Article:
Neighborhood deprivation, neighborhood acculturation, and the retail food environment in a U.S.-Mexico border urban area
The prevalence of obesity in the United States is increasing at a rapid rate, and is the result of an imbalance of caloric intake and expenditure. Obese individuals are at significantly greater risk for coronary artery disease, high blood pressure, diabetes, and cancer, as compared to non-obese individuals. Both individual correlates and neighborhood conditions contribute to the risk for obesity. For example, family history, race/ethnicity, and residence in a low socioeconomic status neighborhood are all associated with increased risk of obesity. The retail food environment is one aspect of low socioeconomic status neighborhoods that may contribute to increased obesity risk. Emerging evidence suggests that the availability of food stores varies by neighborhood socioeconomic status and race/ethnicity, with fewer supermarkets available in low-income, high minority neighborhoods. In contrast, although neighborhoods with high immigrant populations may have fewer supermarkets, they also may have more small grocery and specialty (meat, produce, and bakery) stores that enable recent immigrants to maintain traditional diets that have been associated with overall healthy eating patterns. ^ The primary aim of this study was to examine the association between neighborhood deprivation, neighborhood acculturation, and the retail food environment within El Paso County, a major urban area located on the U.S.-Mexico border. The retail food environment was assessed by classifying, enumerating, and geocoding retail food stores obtained in a listing from the City of El Paso Department of Public Health. Data from the U.S. Census was used to develop indices of neighborhood deprivation and neighborhood acculturation at the tract level. The association between neighborhood deprivation, neighborhood acculturation, and the retail food environment, controlling for population density, at the tract level was determined using Poisson multivariate regression models. It was hypothesized that high levels of neighborhood deprivation will be associated with reduced availability of supermarkets and grocery stores, and that low levels of neighborhood acculturation will be associated with reduced availability of supermarkets but increased availability of grocery stores and specialty stores. It was further hypothesized that neighborhood acculturation will moderate the effect of neighborhood deprivation on availability of grocery stores. ^ El Paso County has an estimated population of 731,496, and includes the City of El Paso, as well as surrounding areas. The relatively low socioeconomic status of El Paso county is also evident in relatively high percentage of individuals below the poverty line (23.8%), which is almost double that reported (12.4%) within the U.S. The proportion of the population that reports Hispanic/Latino ethnicity is 81.4%. The Kaiser-Meyer-Olkin Measure of Sampling Adequacy (KMO) of 0.877 and Bartlett's Test of Sphericity (X2 = 1232.52, df = 36, p<0.001) both indicate appropriate selection and coverage of factors identified for inclusion in the deprivation index. A linear relationship was established along the gradient. As neighborhood deprivation increased there was a significant decrease in chain supermarkets. The Kaiser-Meyer-Olkin Measure of Sampling Adequacy (KMO) of 0.791 and Bartlett's Test of Sphericity (X2 = 474.12, df = 6, p<0.001) both indicate appropriate selection and coverage of factors identified for inclusion in the acculturation index. Results from our study indicated that the availability of grocery and specialty stores was significantly greater in low acculturation neighborhoods; however, supermarket and convenience store availability were not associated at the tract level. The results from this multivariate study show that after controlling for population density, supermarket availability and convenience store availability were not consistently and significantly associated with neighborhood deprivation or neighborhood acculturation. However, the availability of grocery stores and specialty stores was highly correlated with both neighborhood deprivation and neighborhood acculturation. Models testing whether neighborhood acculturation moderated the effects of neighborhood deprivation on retail food store availability indicated the interaction of neighborhood deprivation and neighborhood acculturation was not significant. Neighborhood acculturation, as opposed to neighborhood deprivation, appears to be the key environmental characteristic associated with the quality of the retail food environment in a border environment. ^ Obesity is documented as a major risk factor for a host of chronic health problems, including hypertension, cardiovascular disease, diabetes, and cancer. Our results suggest that further research examining retail food environments in border communities may provide insight into the dietary acculturation process among Hispanics. Research on the availability and quality of foods in smaller stores is needed in order to better estimate their influence on the overall retail food environment. Future research is needed to investigate the role and mechanism through which neighborhood level acculturation influences critical health outcomes, including obesity.^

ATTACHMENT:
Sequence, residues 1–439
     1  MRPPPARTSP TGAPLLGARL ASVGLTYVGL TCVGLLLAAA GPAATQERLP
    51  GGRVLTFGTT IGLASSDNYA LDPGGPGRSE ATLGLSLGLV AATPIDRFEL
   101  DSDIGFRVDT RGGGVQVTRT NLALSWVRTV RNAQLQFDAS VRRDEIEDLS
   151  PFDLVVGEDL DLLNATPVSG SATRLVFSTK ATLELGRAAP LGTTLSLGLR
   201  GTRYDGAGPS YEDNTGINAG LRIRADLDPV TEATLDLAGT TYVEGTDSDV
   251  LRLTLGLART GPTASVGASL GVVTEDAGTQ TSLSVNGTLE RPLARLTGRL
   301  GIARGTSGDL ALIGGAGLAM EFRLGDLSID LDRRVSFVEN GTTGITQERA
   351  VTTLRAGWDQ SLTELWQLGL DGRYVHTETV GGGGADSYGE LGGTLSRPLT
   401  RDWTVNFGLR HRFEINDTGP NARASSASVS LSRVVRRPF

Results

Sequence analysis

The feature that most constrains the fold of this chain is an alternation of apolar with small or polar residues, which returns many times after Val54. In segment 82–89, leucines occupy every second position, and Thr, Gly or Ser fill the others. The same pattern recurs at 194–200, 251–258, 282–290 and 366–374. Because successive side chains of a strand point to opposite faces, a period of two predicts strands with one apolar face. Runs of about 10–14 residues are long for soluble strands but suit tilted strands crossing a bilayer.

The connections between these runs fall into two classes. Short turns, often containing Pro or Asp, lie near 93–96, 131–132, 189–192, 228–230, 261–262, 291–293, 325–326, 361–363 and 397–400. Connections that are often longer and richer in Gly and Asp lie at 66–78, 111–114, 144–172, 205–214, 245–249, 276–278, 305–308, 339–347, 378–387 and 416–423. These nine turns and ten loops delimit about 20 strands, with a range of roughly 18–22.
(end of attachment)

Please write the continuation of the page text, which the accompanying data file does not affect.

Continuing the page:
Sociology, Theory and Methods|Health Sciences, Public Health
Anchondo, Teresa M, "Neighborhood deprivation, neighborhood acculturation, and the retail food environment in a U.S.-Mexico border urban area" (2010). ETD Collection for University of Texas, El Paso. AAI1477768.